Who says you’re not creative? Blog post 2

Welcome to the second installment from my book: Who says you’re not creative?

The first section of the book is headed Our starting point : Where are we now? It includes 4 ideas for your consideration. The first was posted last week   “A logical-rational bias” and I am pleased to say it prompted a good discussion. (Press ‘previous’ to view). The next two sections are below. Again very short but I hope they are thought provoking.

Straitjacketed?

We are all straitjacketed to a certain extent. We take on the mantels of the organisations and institutions we become part of and begin to think and behave in a certain way – ‘group think’.

Even if we rebel it is often against the parameters set by the context so we are, to a certain extent, still locked within a given system.

When developing a workshop recently, I found myself trapped by the value I placed on established ‘models of creativity’ instead of giving value to my own thinking and ideas. I kept myself in the bounds of the knowledge created by others, which surrounded and created my world and understanding of the subject. What was this if not straitjacketed thinking?

Scared to play

As adults we are scared to play. Our notion of being an adult, especially at work, is being sensible, serious, measured discussions and debates, little laughter. Having fun is frowned upon and seen as ‘not working’.

We all know of some of the famous companies who encourage play and fun environments like Google and Innocent but these are few and far from the everyday experience of what most of us know as ‘work’.

In my workshops I sometimes ask people to draw a problem, or mould their problem using play dough. There are usually three reactions: some people become paralysed by the situation; others laugh and eventually start playing and make something fairly descriptive; and the third, smaller group relish the challenge and often create something a little more left field, metaphorical.  It’s as if they have been waiting for someone to give them permission to let out their creative selves.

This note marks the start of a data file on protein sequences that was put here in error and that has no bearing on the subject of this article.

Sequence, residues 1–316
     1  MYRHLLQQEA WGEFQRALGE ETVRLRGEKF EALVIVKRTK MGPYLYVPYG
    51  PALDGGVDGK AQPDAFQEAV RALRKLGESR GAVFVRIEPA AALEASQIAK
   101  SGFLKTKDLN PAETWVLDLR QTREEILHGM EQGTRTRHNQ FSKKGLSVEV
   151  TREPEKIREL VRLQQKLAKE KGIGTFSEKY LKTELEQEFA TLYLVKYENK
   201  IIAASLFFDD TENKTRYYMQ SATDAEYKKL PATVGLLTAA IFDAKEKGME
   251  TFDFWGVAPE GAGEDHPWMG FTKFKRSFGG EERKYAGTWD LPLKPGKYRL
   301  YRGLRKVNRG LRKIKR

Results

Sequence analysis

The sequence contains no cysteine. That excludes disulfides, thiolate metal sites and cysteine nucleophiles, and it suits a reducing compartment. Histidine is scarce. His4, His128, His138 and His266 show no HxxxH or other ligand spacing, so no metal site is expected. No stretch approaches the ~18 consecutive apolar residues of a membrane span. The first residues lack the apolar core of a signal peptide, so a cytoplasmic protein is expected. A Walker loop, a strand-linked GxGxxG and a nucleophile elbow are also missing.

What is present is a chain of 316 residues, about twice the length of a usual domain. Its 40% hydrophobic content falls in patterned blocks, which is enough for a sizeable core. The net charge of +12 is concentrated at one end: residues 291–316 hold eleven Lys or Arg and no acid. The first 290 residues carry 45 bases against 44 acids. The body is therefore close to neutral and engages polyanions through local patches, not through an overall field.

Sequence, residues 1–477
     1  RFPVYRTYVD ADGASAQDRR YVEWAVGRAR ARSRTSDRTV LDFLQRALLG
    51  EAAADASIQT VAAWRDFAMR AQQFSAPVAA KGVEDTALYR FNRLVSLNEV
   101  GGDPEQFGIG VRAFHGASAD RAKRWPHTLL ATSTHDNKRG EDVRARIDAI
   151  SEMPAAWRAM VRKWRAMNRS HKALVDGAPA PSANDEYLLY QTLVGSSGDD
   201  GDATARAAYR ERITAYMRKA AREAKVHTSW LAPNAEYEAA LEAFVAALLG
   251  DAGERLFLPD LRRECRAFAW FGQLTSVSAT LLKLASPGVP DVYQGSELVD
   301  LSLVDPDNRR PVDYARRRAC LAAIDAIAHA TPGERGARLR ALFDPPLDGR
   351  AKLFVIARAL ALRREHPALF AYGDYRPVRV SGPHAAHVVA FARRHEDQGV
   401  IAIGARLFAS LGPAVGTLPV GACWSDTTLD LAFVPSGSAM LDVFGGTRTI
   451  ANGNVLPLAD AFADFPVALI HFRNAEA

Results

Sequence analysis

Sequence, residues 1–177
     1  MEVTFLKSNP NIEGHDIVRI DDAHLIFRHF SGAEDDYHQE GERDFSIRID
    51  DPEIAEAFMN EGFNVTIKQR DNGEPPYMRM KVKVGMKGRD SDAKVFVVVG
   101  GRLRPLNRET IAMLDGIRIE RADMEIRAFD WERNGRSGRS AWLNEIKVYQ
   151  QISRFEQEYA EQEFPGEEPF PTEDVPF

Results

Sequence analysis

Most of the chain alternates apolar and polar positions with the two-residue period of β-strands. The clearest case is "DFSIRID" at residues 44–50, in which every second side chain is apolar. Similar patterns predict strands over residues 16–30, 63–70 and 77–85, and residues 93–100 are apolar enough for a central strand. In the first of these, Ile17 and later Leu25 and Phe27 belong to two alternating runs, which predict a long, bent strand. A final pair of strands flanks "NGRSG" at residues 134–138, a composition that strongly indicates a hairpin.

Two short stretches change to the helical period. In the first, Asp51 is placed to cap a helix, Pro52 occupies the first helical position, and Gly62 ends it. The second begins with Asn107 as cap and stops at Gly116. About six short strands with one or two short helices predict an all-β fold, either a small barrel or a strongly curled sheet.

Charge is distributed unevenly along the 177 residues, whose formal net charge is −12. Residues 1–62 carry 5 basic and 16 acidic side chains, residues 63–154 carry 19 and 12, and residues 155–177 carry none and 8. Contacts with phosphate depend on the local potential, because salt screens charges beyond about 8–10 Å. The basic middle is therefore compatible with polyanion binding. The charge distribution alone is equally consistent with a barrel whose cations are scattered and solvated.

The majority of us feel embarrassed, too self-conscious, as adults to do this kind of thing. Are we afraid of what people will think? Are we afraid of looking stupid?

Will this same fear keeps us from presenting new, off the wall ideas, to our peers? In which case – it becomes a problem.

My questions for you:

Do you feel ‘straitjacketed’ in anyway? How much of this is self imposed? 

(It was this realisation that prompted me to write my book- it was the vehicle through which I could ask myself what i thought about the subject of creativity.)

Are you scared or too self conscious to play/ be playful in your attitude?

Are you lucky enough to be in a work environment that encourages a sense of creative play/ exploration?

 

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Who says you’re not creative?